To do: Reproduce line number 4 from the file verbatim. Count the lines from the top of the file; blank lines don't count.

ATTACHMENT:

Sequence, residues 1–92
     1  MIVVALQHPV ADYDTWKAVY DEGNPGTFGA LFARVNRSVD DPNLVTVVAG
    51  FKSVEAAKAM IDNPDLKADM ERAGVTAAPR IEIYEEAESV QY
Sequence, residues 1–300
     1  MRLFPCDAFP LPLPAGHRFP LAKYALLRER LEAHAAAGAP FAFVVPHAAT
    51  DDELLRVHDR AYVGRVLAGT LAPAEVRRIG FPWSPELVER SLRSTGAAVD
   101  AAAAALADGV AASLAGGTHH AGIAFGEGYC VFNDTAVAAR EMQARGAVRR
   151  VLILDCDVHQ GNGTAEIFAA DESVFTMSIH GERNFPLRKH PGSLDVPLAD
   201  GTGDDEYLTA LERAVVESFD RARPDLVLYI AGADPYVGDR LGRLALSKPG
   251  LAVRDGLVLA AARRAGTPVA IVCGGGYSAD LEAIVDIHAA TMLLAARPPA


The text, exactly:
Sequence, residues 1–300